- periodic checking with the client to make sure all information has been supplied as required, so as to speed up the payment process;
- a system to require Directors of private companies to submit Directors' Guarantees;
- an internal procedure to ensure that Directors' Guarantees are appropriately filed;
- an internal procedure on the registration requirements under the Personal Property Registration Act;
- preparation of debtors' aged analysis promptly at the end of the month;
- follow up of outstanding debtors;
- calculation of debtors' days outstanding;
- preparation of a list of debtors to be followed up.
- Does your business have to supply stock?
- Has an appropriate system been introduced to safeguard all aspect of stock from:
- the time the order has been placed?
- checking the goods when they arrive?
- checking the tax invoice?
- Is the storage of stock adequate to safeguard it from theft, pilferage and deterioration?
- Is stock being regularly "turned" so that the older stock is sold first?
- Is the stock "turn" being calculated, on a regular basis, both on an overall basis and for an individual or section of stock?
Work in Progress:
- Is there a monthly review to ensure that progress claims are being raised promptly?
- Is there a review at the end of each month, to ensure that, if a job is completed, it is finalised and invoiced so it can be removed from the work in progress system to ensure that any profit/loss on that job is calculated and reviewed by management?
- Does the business calculate creditors' days outstanding?
- Is a check made to ensure that the business is trading with creditors as negotiated?
- Are payments being made too early? For example, if management has negotiated payment terms of 40 days with major suppliers, are payments being made at an earlier date, say 15 days, because the bookkeeper wants to pay bills earlier? This defeats the purpose of negotiating a delayed payment arrangement.
- Is the business trading well beyond the negotiated terms with creditors?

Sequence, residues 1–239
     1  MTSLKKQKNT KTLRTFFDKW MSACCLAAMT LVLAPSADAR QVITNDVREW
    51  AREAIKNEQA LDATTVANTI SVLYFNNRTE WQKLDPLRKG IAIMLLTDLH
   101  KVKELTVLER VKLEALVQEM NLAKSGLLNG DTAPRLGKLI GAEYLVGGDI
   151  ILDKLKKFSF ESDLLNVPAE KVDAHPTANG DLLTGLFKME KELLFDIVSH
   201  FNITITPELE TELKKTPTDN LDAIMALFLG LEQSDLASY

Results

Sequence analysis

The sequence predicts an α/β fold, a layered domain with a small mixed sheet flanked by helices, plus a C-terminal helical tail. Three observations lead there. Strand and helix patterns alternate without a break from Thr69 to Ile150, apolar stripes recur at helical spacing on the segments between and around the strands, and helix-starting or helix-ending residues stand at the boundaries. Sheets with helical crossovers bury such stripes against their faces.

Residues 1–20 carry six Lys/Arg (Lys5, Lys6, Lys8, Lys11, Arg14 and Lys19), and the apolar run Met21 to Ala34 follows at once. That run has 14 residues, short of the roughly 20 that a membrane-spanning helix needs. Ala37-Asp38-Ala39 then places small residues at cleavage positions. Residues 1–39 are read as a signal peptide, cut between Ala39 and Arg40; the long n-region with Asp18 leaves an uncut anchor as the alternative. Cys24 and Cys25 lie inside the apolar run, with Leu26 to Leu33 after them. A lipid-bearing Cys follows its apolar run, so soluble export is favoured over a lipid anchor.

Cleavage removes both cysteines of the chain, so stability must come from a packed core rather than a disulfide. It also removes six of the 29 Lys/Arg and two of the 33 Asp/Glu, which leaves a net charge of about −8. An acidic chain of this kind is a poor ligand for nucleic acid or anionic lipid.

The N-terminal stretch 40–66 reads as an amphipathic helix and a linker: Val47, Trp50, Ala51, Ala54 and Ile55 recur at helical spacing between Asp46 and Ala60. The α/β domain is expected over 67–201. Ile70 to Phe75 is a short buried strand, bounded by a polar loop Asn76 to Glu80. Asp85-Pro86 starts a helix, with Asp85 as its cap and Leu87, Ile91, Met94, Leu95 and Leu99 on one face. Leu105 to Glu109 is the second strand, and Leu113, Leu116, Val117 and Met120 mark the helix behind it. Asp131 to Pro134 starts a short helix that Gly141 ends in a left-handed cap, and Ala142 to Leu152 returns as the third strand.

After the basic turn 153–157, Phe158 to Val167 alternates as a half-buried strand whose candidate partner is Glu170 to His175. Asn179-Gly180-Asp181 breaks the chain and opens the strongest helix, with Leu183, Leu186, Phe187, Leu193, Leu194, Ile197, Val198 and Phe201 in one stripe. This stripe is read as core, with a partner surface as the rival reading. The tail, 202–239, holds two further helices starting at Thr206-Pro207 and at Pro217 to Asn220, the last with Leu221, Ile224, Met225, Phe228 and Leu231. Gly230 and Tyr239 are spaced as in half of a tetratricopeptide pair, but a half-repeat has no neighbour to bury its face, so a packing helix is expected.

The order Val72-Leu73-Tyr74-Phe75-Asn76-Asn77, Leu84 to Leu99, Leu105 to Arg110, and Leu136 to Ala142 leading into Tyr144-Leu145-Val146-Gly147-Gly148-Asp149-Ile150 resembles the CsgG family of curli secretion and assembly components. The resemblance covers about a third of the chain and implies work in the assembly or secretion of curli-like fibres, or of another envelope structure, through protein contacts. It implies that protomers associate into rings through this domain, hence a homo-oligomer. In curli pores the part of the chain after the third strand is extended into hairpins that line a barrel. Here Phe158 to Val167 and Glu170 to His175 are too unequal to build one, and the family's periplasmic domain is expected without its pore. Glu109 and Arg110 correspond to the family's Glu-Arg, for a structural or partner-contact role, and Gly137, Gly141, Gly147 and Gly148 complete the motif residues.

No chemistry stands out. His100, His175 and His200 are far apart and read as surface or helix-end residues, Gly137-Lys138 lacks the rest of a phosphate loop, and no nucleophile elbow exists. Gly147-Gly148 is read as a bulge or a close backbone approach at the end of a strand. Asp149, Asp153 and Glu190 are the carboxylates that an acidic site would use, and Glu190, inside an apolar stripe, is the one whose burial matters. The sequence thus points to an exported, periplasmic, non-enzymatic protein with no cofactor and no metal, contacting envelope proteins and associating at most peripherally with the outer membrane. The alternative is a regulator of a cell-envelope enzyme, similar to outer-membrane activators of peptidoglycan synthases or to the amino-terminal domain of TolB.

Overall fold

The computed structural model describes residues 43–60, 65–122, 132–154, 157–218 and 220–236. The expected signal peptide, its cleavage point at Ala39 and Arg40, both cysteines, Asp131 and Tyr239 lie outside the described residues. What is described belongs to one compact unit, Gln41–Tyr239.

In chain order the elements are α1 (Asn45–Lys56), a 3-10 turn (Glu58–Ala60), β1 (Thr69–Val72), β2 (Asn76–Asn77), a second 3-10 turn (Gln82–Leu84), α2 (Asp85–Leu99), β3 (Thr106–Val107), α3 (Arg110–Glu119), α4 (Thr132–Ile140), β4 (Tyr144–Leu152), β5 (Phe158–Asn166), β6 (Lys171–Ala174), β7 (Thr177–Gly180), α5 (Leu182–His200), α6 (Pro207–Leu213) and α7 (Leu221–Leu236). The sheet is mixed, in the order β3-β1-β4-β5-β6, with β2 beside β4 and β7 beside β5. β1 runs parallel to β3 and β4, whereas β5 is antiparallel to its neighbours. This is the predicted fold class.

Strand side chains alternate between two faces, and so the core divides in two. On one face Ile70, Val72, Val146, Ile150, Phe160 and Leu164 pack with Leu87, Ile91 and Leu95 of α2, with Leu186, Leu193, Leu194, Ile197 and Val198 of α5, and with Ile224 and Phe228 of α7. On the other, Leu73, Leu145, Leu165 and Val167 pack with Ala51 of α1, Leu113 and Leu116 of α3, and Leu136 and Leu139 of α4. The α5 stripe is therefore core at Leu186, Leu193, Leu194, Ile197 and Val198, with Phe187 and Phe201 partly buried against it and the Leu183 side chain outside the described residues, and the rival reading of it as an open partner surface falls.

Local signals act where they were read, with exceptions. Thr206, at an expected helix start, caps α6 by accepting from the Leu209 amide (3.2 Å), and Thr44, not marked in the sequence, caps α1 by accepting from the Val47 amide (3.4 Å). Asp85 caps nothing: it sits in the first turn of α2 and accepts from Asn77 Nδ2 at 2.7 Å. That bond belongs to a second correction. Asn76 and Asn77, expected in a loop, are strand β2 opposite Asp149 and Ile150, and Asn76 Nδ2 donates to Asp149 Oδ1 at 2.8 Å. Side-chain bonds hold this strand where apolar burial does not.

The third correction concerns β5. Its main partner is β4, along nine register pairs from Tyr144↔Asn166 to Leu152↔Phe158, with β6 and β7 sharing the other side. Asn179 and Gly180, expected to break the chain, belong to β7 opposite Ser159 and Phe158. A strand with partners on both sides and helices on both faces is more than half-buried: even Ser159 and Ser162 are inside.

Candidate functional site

- What would happen if major supplier creditors demanded that their accounts were brought back into the stipulated trading terms within the next month? Would the business be able to find the money to reduce the amount owed to the supplier?
- Is the business operating within the negotiated bank overdraft limits?
- Is the business paying loan repayments as negotiated with the bank?
- Is the business abiding by any covenants included in the bank loan agreement?
- Is the business able to pay all debts owing to the Australian Taxation Office as they fall due?
This is a summary of some of matters that can affect cashflow management. If you would like to have a discussion with us relevant to a review of the cashflow management systems in your business, please contact us.
Board of Advice/Directors:
Some small businesses have appointed experienced business advisors to a Board of Advice or, in some cases, to a Board of Directors. Do you have a Board of Advice or a Board of Directors? Do you think you could benefit from the expertise of experienced business people and professional advisors from being part of a Board of Advice? If you are using a Board of Advice, are you submitting reports to the members, 72 hours prior to the meeting, so they have the opportunity of reading the material, which could include:-
- sales report;
- debtors' aged analysis;
- creditors' aged analysis;
- periodic financial accounts;
- comparison to budgets;
- cashflow forecasts;
- management reports.
Research And Development
If you haven't already registered for research and development expenditure, incurred by your company for the year ended 30th June 2011, you have until the 30th April 2012 to do so. Please contact us if you need any assistance.
The Australian Association of Angel Investors (AAAI) held their annual conference in Melbourne last week. The AAAI represents approximately 5,000 angel investors who actively invest and pursue investment opportunities, primarily for new technology companies within Australia. The business angel represents about the only funding source available to businesses trying to raise capital to finance the development of products for market, other than funds raised from "friends, family and fools". It should not be assumed that it is easy to raise money from an angel investor.